Sophos has published new research, “Vigilante Malware Rats Out Software Pirates While Blocking ThePirateBay,” which details a curious cyberattack campaign that targets users of pirated software with malware designed to block access to websites hosting pirated software.
The developers disguise the malware as cracked versions of popular online games such as Minecraft and Among Us, as well as productivity tools such as Microsoft Office, security software and others. The disguised malware is distributed via the BitTorrent platform from an account hosted on “ThePirateBay” digital filesharing
website. Links to the malware are also hosted on Discord.
Once installed, the malware blocks the victim’s access to a long list of websites, including many that
distribute pirated software.
Unusual aspects of the operation uncovered by Sophos researchers include:
The attackers use an age-old approach of modifying the HOSTS file settings on an infected device to “localhost” a long list of websites, thereby blocking the user’s access to them. This approach is fairly easy to reverse and Sophos researchers are unsure why the attackers used it.
Some of the many hundreds of sites that are being “local hosted” by the malware are unrelated to pirated software and some were shut down or became inactive in or around 2012/2013.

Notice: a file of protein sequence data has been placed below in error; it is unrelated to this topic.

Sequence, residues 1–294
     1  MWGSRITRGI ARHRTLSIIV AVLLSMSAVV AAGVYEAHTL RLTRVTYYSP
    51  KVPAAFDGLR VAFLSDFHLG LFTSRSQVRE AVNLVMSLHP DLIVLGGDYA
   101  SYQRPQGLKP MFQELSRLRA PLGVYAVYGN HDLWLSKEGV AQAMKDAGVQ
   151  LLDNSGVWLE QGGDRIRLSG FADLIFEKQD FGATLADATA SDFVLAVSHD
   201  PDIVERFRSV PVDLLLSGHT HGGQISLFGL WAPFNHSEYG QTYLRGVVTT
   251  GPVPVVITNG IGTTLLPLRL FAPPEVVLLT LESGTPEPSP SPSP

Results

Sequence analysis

The malicious files are compiled for 64-bit Windows 10 and then signed with bogus digital certificates that wouldn’t pass more than a very rudimentary check.
Once downloaded and installed by a user, the malware hunts for files named 7686789678967896789678 and 412412512512512. If it finds them it stops any further launch of the attack. Sophos researchers believe this could be designed to prevent the malware operators from infecting their own computers while they
work on the malicious code.
The malware also triggers a fake error message to appear when it runs, which asks people to re-install the software. Sophos researchers believe this could be to allay suspicion among users who wonder why the program they received didn’t contain the installers they were expecting.
Andrew Brandt, the principal threat researcher at Sophos says it’s sometimes easy to see clearly what an adversary’s end game is and why they have chosen a particular approach to achieve it but not all the time.
“On the face of it, the adversary’s targets and tools suggest this could be some kind of crudely-compiled anti-piracy vigilante operation. However, the attacker’s vast potential target audience – from gamers to business professionals – combined with the curious mix of dated and new tools, techniques, and procedures (TTPs) and the bizarre list of websites blocked by the malware, all make the ultimate purpose of this operation a bit murky. There may not even be an overall purpose to this attack at all.
However, that doesn’t reduce the level of risk or the potential disruption for victims. To stay safe from such attacks, install a robust security solution that will spot such scams before they reach you, and avoid downloading pirated software or anything offering you suspiciously too-good-to-be-true ‘legitimate’ software,” concludes Brandt.